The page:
Beautiful in Italian – How do I say it?

Being Italy a country rich in beauty and culture, many things can be described as beautiful… But how do I say Beautiful in Italian?

In this article, we’ll see how you can say it in various way… Let’s see them!

The most common word to say beautiful in Italian is “bello”.

Bello is one of the most used adjectives to say beautiful in Italian. 

It describes people, animals and things that you consider pleasant to the eye, more than pretty or nice, very enjoyable and it translates directly with beautiful.

Here you will not only learn how to use the adjective bello, but  also many ways to say beautiful in Italian, that will bring your vocabulary to the next level and step up your game!

Ways to say beautiful in Italian

  • bello (bellissimo, molto bello)
  • attraente 
  • affascinante
  • delizioso
  • incantevole 
  • stupendo
  • fantastico
  • magnifico
  • splendido
  • straordinario
  • favoloso
  • incredibile
  • carino
  • un capolavoro
  • uno spettacolo
  • spettacolare 

Now that you have a list of the most common adjectives to say beautiful in Italian, let’s see how to use them correctly.


First of all, bello is is the most common way to say beautiful in Italian. It is an adjective: this means that it changes depending on the number(singular or plural) and gender(masculine or feminine) of the noun it refers to.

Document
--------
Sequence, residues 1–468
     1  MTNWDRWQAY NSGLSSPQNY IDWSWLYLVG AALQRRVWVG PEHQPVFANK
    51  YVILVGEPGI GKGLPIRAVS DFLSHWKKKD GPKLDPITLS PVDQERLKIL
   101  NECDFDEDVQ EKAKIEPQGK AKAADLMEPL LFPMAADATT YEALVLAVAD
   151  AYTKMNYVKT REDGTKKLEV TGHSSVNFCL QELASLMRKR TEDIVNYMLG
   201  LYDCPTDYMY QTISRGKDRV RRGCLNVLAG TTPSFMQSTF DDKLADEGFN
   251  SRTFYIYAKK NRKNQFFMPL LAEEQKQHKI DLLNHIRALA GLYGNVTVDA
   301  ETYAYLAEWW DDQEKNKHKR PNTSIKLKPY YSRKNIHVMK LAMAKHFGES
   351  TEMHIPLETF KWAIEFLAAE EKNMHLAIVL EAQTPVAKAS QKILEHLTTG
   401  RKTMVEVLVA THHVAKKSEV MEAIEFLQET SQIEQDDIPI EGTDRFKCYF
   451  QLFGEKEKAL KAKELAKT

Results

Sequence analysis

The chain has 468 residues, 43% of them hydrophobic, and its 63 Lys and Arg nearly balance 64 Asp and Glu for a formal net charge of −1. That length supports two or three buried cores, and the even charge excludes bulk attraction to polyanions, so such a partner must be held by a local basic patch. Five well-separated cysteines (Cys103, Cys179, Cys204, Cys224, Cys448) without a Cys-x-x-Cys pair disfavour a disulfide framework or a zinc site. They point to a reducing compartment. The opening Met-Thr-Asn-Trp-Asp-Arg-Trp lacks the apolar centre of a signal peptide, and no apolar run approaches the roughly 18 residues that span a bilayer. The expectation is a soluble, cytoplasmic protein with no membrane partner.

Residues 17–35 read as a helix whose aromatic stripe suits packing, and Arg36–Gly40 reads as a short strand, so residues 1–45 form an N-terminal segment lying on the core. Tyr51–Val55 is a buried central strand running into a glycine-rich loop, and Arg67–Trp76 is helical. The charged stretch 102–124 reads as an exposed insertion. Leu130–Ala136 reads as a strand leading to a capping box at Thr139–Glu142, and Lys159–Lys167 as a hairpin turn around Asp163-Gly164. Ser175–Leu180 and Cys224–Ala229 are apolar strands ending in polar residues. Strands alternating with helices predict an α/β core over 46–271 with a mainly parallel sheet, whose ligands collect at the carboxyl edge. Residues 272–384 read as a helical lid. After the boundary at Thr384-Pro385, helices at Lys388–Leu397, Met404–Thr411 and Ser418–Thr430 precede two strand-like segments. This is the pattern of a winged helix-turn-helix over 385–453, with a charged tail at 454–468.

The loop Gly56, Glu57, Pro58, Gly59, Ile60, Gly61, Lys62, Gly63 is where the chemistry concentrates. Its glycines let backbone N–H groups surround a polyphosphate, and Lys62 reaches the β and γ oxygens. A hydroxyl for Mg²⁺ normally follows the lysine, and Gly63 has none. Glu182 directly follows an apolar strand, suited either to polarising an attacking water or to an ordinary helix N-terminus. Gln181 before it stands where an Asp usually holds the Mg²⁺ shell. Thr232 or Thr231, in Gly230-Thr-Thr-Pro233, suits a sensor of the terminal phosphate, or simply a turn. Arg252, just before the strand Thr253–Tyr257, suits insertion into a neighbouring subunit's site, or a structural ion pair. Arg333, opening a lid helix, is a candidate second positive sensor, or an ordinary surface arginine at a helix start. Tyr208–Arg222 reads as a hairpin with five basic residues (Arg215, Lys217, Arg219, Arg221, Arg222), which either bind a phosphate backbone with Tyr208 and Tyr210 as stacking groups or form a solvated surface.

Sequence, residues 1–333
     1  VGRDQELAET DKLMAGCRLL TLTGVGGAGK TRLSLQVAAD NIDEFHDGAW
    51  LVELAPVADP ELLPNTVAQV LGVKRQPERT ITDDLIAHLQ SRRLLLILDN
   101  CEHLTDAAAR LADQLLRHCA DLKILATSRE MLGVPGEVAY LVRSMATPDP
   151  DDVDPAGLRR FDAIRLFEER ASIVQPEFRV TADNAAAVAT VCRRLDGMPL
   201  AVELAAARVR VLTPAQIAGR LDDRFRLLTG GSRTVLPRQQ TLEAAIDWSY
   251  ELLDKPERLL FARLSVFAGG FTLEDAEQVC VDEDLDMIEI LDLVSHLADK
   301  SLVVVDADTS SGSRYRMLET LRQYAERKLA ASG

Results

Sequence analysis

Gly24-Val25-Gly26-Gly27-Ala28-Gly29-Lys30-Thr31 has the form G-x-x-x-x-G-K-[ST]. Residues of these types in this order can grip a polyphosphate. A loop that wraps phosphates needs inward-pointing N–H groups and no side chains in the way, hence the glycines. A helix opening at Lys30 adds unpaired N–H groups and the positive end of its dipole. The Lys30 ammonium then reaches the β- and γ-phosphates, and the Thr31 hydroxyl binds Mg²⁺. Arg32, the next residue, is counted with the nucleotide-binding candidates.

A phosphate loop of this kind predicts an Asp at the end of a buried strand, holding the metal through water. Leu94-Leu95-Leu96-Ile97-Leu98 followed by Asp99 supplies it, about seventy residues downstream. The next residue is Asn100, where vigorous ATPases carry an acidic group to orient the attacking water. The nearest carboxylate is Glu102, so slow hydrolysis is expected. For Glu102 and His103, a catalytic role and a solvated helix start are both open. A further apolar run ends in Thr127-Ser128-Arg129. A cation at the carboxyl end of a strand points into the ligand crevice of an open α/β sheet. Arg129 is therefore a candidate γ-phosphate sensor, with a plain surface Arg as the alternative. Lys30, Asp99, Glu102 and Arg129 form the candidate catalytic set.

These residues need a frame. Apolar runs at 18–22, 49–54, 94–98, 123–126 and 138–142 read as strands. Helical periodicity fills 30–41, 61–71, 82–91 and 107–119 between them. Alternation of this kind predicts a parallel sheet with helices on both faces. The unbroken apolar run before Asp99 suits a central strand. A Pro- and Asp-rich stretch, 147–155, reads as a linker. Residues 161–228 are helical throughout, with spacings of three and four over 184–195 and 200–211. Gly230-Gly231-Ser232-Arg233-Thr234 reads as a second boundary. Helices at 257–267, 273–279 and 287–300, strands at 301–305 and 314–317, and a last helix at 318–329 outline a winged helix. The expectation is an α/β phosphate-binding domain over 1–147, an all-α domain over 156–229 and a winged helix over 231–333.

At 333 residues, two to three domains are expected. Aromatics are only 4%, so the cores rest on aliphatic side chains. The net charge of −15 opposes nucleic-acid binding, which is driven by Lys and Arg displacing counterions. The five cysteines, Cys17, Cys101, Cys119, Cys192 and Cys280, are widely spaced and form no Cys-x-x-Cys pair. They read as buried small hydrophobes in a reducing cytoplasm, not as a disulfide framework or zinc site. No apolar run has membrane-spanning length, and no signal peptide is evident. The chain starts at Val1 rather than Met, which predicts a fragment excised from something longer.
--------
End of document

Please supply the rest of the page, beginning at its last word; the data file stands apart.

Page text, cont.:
Take a look at this table:

  Singular Plural
Masculine Bello/ bel /bell’ Bei/ begli/belli
Feminine Bella/bell’ Belle

Contrary to English, in Italian adjectives usually come after the noun.

  • un ragazzo bello
  • una donna bella
  • i bambini belli
  • le persone belle

Starting with the basis, we have bello, which is singular and masculine.

For example:
Un ragazzo belloa beautiful boy
Sei proprio bello! – you are very handsome!

It may be used as a greeting between friends or family:

Ciao bello! – Hi handsome! or Hi bro!

Bello after a noun

Usually, in Italian, the adjective comes after the noun it refers to.

However, In the case of bello, it can come before or after a noun.

If placed before, depending on the noun, it slightly changes, to best accommodate the pronunciation and the sound of the phrase. It follows the same rule we use with definite articles, like so:


You use bello in front of a noun that starts with s + consonant, z, y, ps, pn, x or gn.
For example:
bello scenario – beautiful scenery


Bello becomes bel (singular masculine)
For example:
bel ragazzo, bel cane – a beautiful boy, a beautiful dog


Bell’ is used in front of a singular noun starting with a vowel, whether it is masculine or feminine.